Jake Morphonios
Nolan Chart
January 27, 2012

On Thursday night, the four remaining GOP presidential candidates squared off in Jacksonville in the second of two Florida debates, hosted by CNN and moderated by Wolf Blitzer.  While much of the debate time was again wasted on callow rhetoric between neo-con candidates Mitt Romney and Newt Gingrich, Congressman Ron Paul indoctrinated the audience with principled lessons on liberty and the proper role of government.

Paul showcased his brand of non-interventionist foreign policy in a series of exchanges with former senator Rick Santorum.  These exchanges provided crystal clear contrasts in opposing political philosophies from which voters much choose. Each time that Paul and Santorum sparred over foreign policy, the Texas congressman pummeled the feeble foundations of Santorum’s unprincipled ideologies and tutored his opponents on the basics of the US Constitution (that pesky, outdated thing they would have to swear to uphold if elected president).

Wolf Blitzer addressed the following question to Congressman Paul:

“What would you do as president to more deeply engage in Latin America and, more importantly, to support the governments and political parties that support democracy and free markets?”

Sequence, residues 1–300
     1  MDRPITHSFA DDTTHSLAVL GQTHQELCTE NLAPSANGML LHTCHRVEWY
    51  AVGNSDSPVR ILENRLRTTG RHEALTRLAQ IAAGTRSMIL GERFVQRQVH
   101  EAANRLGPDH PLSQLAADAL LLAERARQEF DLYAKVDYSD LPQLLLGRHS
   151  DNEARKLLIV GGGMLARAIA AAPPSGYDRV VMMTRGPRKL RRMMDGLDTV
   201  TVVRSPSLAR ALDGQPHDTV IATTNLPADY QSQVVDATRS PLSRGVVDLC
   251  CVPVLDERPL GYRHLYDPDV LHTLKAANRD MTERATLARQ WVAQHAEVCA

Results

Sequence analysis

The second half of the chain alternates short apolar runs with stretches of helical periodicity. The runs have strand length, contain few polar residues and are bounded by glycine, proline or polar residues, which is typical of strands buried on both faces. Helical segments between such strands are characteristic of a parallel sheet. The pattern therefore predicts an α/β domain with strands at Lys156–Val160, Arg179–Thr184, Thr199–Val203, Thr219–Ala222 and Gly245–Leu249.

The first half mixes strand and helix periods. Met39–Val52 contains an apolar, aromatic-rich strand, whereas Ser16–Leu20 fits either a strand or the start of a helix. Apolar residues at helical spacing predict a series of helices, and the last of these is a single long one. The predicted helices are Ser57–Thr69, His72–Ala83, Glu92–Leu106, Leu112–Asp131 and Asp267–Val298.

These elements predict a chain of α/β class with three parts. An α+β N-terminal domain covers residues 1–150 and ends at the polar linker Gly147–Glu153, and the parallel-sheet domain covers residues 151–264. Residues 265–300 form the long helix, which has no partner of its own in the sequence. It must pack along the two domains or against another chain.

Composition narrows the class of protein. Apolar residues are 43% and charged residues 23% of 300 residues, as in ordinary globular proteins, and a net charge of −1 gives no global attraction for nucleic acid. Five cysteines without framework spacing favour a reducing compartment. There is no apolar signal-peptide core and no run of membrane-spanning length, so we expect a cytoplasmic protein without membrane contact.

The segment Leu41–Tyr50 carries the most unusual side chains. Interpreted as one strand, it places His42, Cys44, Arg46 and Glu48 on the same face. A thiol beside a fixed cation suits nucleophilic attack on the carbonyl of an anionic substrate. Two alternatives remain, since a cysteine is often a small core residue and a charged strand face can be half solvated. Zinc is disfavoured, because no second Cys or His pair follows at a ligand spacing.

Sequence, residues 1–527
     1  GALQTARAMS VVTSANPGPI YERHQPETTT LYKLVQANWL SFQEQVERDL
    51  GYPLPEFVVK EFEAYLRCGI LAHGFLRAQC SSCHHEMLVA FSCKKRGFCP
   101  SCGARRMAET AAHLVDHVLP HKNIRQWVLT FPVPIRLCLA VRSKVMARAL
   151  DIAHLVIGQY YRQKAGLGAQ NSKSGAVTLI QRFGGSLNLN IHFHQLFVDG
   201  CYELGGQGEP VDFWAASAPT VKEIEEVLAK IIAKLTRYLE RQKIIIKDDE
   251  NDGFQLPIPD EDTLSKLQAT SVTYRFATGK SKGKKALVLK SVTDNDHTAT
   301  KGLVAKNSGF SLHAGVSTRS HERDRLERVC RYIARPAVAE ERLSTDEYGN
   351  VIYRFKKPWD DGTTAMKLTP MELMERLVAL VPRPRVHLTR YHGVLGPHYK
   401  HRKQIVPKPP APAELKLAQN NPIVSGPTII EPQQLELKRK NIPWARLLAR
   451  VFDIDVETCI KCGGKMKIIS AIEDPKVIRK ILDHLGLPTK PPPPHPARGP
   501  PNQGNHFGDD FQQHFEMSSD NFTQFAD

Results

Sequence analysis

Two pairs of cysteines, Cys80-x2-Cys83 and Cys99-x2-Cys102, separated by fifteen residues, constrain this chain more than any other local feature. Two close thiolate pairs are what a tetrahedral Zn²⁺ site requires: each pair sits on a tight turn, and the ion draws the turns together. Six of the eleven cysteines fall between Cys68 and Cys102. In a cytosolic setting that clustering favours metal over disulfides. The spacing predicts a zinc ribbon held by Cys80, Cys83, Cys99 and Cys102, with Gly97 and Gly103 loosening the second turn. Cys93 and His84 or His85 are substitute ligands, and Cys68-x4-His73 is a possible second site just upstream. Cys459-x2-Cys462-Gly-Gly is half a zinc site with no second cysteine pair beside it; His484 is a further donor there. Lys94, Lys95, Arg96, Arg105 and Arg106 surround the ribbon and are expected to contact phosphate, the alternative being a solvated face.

To which Paul responded:

“I think free trade is the answer.  Free trade is the answer to a lot of conflicts around the world. And you might add Cuba too.  I think we’d be a lot better off trading with Cuba. But as far as us having a military or financial obligation to go down and dictate what government they should have?  I don’t like that idea.  I would support the people by encouraging free trade and trying to set a standard that countries in Central and South America – or anywhere in the world – would want to emulate.”

“Unfortunately, sometimes we slip up on our standards and we go around the world and we try to force ourselves on others.  I don’t think the nations in Central and South America necessarily want us to come down there and dictate which government they should have.  I believe that with friendship and with trade you can have a strong influence.”

Congressman Paul’s answer reflected both his moral character as well as his deep understanding of constitutional foreign policy as intended by the Founding Fathers.  Thomas Paine, the author of Common Sense, is often credited as the original patriot to strongly inject into American politics the notion of non-interventionism.  He argued in Common Sense of the need for the new nation to avoid the formation of alliances with other nations.

Full article here

 

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